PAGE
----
Government Spending

Meet the Backers: Bankers Flip-Flop to Romney

The financial sector primarily backed Romney in 2012 after having supported Obama in 2008.

It looks like Romney may have inherited Obama’s pocket liners. Take a look at Obama’s 2008 campaign contributors and Romney’s 2012 contributors and a disturbing trend emerges: the financial sector, the very sector that borrowed and is still paying the U.S. back billions in TARP benefits, has scooted over to Romney after having supported Obama four years ago. TARP What is TARP? TARP is the controversial Wall Street bailout program first put into place by President Bush in 2008. The program was made because banks knowingly provided risky subprime mortgages, which borrowers were oftentimes unable to pay back. There was speculation that the entire U.S. financial system was in jeopardy as a result (whether or not this was the case, however, is a matter of debate). Cost of TARP program In any case, the U.S. government bought into many of the large banks that were struggling at the time, including AIG, Bank of America, Wells Fargo, and Citigroup. Romney has publicly endorsed the TARP program on numerous occasions, and Obama saw it through in his first term. TARP was risky, but in the end most of its participants bought back their assets. The Congressional Budget Office estimates that the program will ultimately cost the U.S. $32 billion.     Campaign Contributions Interestingly, many of the companies that benefited from TARP made donations to the Obama campaign in 2008, despite the dire straits of their finances. Now, these banks have flip-flopped to greener pastures for the 2012 election. See the chart below:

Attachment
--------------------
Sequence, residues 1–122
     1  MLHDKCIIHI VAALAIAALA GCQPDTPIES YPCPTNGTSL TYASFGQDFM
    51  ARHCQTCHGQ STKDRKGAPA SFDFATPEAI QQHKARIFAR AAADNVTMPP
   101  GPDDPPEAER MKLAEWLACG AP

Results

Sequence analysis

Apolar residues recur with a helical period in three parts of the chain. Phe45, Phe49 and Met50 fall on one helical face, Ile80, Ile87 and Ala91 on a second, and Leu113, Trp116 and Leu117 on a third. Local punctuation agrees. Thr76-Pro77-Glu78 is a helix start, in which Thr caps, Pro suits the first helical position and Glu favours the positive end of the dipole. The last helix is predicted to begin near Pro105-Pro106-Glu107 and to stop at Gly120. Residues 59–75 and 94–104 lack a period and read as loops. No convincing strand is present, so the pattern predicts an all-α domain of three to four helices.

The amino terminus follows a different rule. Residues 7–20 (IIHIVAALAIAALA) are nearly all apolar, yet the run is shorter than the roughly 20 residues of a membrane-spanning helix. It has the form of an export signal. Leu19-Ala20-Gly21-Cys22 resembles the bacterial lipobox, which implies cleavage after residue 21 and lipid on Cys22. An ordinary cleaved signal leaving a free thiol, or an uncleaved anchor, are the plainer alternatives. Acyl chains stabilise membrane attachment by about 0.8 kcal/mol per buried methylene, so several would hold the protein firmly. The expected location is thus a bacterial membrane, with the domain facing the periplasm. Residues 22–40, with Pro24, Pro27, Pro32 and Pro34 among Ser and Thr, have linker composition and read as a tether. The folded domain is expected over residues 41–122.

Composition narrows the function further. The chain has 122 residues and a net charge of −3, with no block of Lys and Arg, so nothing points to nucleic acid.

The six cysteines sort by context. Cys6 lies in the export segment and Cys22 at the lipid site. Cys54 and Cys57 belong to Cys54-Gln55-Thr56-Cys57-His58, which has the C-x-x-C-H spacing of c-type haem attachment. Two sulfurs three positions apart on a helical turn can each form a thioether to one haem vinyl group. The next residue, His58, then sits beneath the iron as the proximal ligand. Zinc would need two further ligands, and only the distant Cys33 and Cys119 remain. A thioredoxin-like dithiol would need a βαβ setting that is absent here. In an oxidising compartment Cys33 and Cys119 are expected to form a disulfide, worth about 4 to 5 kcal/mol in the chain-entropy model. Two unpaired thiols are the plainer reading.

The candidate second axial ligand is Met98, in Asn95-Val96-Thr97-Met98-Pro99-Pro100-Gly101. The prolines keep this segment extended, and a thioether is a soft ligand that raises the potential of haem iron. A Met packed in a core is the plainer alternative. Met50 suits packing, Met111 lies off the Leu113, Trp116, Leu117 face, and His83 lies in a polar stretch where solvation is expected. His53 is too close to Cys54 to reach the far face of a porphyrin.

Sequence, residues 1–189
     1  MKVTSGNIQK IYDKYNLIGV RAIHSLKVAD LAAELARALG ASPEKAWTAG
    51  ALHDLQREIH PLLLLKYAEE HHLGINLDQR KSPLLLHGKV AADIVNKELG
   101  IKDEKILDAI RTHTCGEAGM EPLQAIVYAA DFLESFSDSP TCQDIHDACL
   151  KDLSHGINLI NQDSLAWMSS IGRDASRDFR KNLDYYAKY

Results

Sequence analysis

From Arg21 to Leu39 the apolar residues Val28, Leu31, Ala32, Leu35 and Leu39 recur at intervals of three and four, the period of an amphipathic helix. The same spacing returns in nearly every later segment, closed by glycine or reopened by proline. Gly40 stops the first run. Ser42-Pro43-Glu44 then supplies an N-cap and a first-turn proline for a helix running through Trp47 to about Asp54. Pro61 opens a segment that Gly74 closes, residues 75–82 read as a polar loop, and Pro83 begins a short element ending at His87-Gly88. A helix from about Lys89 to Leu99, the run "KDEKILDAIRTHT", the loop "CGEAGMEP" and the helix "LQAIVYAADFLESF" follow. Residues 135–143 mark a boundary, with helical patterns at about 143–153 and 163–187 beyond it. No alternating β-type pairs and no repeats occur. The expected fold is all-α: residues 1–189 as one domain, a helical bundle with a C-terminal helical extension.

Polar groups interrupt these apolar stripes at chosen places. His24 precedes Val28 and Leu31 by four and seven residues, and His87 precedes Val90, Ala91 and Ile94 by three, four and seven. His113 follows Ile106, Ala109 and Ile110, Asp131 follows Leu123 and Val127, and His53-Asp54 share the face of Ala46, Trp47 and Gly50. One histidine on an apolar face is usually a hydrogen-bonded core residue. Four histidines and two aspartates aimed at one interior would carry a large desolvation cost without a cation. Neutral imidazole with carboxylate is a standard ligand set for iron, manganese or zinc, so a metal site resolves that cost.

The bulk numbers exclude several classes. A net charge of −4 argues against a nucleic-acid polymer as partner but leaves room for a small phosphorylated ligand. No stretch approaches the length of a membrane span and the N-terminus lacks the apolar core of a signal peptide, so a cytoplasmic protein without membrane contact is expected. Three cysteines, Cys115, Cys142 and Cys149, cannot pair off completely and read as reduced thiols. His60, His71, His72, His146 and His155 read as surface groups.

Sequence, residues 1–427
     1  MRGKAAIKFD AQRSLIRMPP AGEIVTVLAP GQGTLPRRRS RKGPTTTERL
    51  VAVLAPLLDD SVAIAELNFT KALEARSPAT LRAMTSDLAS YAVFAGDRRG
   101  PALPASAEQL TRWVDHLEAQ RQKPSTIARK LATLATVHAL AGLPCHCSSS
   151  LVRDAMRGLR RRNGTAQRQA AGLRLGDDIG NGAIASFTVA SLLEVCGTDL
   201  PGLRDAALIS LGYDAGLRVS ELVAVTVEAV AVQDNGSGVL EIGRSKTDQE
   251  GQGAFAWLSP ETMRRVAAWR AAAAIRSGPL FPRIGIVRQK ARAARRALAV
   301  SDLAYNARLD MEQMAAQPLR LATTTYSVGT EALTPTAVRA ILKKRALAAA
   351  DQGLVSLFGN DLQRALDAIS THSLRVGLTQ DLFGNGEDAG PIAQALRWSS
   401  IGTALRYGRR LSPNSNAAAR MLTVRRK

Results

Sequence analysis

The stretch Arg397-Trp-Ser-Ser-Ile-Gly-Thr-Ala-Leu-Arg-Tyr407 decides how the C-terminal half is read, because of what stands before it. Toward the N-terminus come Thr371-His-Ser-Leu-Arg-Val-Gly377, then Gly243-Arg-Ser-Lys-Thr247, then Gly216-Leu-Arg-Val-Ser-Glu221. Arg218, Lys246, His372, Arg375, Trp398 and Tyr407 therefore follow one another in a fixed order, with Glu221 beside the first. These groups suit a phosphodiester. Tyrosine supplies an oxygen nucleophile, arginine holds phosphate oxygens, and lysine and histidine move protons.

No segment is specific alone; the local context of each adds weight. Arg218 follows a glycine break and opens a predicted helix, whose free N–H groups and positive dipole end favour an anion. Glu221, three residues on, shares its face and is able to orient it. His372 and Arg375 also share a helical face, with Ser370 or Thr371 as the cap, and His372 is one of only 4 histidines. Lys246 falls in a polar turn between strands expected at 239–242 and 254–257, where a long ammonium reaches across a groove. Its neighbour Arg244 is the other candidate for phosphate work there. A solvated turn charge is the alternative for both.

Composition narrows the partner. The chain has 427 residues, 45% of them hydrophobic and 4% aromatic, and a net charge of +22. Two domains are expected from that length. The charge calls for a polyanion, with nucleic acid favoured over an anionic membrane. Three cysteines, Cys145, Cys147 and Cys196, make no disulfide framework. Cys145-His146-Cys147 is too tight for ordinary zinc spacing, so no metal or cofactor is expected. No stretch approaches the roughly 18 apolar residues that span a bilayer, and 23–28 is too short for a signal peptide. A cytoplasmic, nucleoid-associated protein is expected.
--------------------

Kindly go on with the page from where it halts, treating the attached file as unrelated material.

Company TARP Bailout $ Obama Campaign 2008 Romney Campaign 2012
Goldman Sachs $10 billion $1,013,091 $994,139
JPMorgan Chase $25 billion $808,799 $792,147
Citigroup $45 billion $736,771 $465,063
Morgan Stanley $45 billion $512,232 $827,255